White and Poppe was a Coventry based proprietary engine and gearbox manufacturer established in 1899 by Alfred James White and Peter August Poppe
The company initially worked on the design of a single cylinder engine but this was interrupted by manufacture of munitions for the Boer war (1899-1902).
1903 The first engine produced was for a motor bike (80mm bore 85mm stroke, air cooled).
1905 They introduced a 80mm bore 90 mm stroke engine in 2, 3 and 4 cylinder versions (7-14 hp).
1906 White and Poppe were a proprietary engine manufacturer and became a preferred supplier to Dennis Brothers, at which point White and Poppe were supplying 22 different motor manufacturers including Morris and Ariel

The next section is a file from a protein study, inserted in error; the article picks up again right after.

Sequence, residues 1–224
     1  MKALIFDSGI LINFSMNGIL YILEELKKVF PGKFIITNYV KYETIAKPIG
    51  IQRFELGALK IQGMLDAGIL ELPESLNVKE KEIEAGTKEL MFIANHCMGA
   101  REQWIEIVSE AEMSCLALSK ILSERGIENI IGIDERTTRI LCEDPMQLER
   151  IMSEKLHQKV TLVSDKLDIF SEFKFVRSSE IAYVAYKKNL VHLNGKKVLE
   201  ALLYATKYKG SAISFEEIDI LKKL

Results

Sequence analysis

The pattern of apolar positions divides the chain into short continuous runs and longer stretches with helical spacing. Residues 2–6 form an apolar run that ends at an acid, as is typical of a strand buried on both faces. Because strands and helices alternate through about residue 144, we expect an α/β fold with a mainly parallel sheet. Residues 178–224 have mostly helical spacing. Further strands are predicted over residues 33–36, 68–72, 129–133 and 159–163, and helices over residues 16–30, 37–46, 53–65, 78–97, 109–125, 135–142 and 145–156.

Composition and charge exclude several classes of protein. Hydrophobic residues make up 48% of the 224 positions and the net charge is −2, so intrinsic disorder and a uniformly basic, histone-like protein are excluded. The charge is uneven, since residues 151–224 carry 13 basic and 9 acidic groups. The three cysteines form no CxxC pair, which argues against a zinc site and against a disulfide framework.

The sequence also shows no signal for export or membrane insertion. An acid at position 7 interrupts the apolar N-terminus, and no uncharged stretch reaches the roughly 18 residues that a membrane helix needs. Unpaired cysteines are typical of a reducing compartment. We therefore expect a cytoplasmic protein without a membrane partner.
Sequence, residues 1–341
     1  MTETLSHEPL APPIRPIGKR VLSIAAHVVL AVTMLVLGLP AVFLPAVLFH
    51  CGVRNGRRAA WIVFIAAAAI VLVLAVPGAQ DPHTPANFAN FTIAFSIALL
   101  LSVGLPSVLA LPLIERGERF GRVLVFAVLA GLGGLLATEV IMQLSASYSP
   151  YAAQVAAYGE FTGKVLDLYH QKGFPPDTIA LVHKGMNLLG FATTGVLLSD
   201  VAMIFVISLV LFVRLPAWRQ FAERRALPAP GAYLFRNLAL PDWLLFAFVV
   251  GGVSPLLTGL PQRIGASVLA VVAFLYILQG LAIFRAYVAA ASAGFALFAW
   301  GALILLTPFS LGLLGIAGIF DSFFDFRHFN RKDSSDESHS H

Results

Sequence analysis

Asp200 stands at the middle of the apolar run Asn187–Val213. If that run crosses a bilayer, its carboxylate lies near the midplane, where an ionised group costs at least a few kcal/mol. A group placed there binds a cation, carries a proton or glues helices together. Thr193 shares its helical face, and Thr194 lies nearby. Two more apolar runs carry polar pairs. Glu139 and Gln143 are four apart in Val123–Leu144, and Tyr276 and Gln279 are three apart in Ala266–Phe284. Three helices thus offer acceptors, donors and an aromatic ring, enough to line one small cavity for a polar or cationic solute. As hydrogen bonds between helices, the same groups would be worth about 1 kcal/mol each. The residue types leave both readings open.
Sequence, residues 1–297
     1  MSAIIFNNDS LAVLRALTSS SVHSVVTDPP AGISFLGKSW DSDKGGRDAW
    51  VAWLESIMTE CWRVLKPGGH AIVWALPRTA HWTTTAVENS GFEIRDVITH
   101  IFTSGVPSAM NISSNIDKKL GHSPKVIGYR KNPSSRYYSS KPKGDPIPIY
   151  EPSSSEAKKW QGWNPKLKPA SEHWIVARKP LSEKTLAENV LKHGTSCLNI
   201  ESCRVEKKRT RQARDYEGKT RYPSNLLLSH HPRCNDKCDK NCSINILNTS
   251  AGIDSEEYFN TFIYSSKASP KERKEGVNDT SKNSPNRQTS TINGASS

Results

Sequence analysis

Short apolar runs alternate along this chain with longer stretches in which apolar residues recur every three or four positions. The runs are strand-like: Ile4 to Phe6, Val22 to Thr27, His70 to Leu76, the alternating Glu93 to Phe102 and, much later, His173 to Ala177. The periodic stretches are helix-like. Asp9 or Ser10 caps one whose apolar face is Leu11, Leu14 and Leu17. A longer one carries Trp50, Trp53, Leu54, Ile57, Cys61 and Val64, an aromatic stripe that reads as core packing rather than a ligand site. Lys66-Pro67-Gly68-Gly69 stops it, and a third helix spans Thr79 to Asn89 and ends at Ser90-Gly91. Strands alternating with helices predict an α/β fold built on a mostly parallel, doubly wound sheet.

1914 The company employed 350 people
1916 When the first German airship was shot down (Schutte-Lanz SL11) on 3rd September, it was fitted with a White and Poppe carburettor.
1918 The company employed 12,000 people due to the large contracts they had to build munitions
1919 On 5th November, in the post World War I recession, Dennis Brothers purchased White and Poppe by exchange of shares to the value of £204,365.00. By then, White and Poppe had produced nearly 12,000 engines in total, including approximately 5,000 for Dennis Bros.
Alfred White was offered a knighthood after World War I, but turned it down because Peter Poppe was not eligible, being a foreign national.
1919 March. Advert for their engines and carburettors.
1920 Alfred White sold his shares to Dennis Brothers but stayed on until 1922 when he joined Rover as Chief Engineer